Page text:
Getting to Know the NHL Rulebook: Coincidental Penalties

Lundqvist rightfully ignores the referee's long-winded explanation of the coincidental penalty rule. - Paul Bereswill

Welcome to the next installment of our series where the WIIM authors read big, boring NHL documents so you don't have to. Today's rulebook post is about coincidental penalties.

NHL Official Rules 2013-14 (PDF)

There were equal parts laziness, business, and confusion that went into why this post took so long to write. There's no way to cleanly write a summary of the different scenarios for when the coincidental penalty rule is invoked. I actually flirted with the idea of just skipping this rule and dealing with it another day. Then it didn't flirt back with me and instead threw the flowers into the storm drain after slapping me in the face.

Rule 19 - Coincidental Penalties

19.1 Coincidental Minor Penalties: This rule gets confusing because it's very situation-dependent.

  • If at 5-on-5 and with no other penalties on the board ("visible on the penalty clocks"), then when one minor penalty is assessed to a player on each team, the penalties will result in 4-on-4 play. Both players leave the box immediately upon expiration of their penalties. The way this rule is written, my understanding is that teams would still skate 4-on-4 if players took coincidental minor penalties during a 4-on-4 situation.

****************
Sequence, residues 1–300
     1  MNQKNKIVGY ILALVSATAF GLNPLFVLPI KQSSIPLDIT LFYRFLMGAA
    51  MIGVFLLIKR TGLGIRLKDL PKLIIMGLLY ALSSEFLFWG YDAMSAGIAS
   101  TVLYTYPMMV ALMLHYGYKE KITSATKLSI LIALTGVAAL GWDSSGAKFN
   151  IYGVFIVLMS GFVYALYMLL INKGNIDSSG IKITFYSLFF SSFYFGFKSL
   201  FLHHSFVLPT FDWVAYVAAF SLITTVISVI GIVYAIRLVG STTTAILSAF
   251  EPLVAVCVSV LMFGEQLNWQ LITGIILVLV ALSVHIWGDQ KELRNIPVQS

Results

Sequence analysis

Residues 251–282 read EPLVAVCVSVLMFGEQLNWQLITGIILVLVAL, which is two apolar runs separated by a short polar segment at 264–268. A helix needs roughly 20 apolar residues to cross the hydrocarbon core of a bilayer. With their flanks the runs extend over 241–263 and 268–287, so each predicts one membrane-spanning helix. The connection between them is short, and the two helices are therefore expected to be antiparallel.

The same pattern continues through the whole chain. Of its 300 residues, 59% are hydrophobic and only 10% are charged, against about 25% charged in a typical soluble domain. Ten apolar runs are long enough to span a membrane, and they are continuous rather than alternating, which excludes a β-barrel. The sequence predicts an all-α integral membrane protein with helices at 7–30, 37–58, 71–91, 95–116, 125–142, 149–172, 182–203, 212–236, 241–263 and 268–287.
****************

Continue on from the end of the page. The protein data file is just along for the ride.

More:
• If at least one team is shorthanded, players serving the coincidental minor penalties must wait until the first stoppage after their penalties expire to return to the ice. On-ice manpower doesn't change as a result of coincidental penalties when one team is already shorthanded.

  • If one of the players also incurs a misconduct penalty on top of their minor penalty, then (i) the player that incurred the 12 minutes in penalties serves all 12 minutes and (ii) another teammate serves the 2 minute minor and comes out of the box when the minor expires. So if coincidental minor penalties are called plus a misconduct, the player incurring the misconduct essentially takes a teammate to the box with him for 2 minutes. Don't take misconduct penalties, kids.

  • In situations with multiple penalties called on both teams, penalties will be matched up so that they cancel each other out. Any differences in penalties are put on the time clock, and manpower is adjusted accordingly. If there are no differences that put one team shorthanded, all players serve the allotted time and don't come out of the box until the first stoppage after their penalties expire.

As if the way this rule is written isn't confusing enough, there are also tables in the back of the rulebook that cover what to do when penalties carry over from the third period to overtime in the regular season (or when penalties occur in overtime). These rules don't apply to playoff overtime because playoff overtime is 5-on-5 like real hockey. It's lots of information that I might cover at the end of this post.